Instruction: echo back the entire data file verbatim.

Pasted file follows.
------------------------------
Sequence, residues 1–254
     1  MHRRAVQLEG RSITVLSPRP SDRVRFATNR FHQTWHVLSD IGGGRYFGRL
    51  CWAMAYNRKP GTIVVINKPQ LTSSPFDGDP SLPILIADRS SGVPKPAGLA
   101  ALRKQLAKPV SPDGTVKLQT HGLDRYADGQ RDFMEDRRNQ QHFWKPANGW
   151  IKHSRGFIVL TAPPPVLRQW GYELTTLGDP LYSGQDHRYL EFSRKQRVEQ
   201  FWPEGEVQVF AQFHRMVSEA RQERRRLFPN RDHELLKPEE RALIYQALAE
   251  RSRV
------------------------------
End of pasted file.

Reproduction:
Sequence, residues 1–254
     1  MHRRAVQLEG RSITVLSPRP SDRVRFATNR FHQTWHVLSD IGGGRYFGRL
    51  CWAMAYNRKP GTIVVINKPQ LTSSPFDGDP SLPILIADRS SGVPKPAGLA
   101  ALRKQLAKPV SPDGTVKLQT HGLDRYADGQ RDFMEDRRNQ QHFWKPANGW
   151  IKHSRGFIVL TAPPPVLRQW GYELTTLGDP LYSGQDHRYL EFSRKQRVEQ
   201  FWPEGEVQVF AQFHRMVSEA RQERRRLFPN RDHELLKPEE RALIYQALAE
   251  RSRV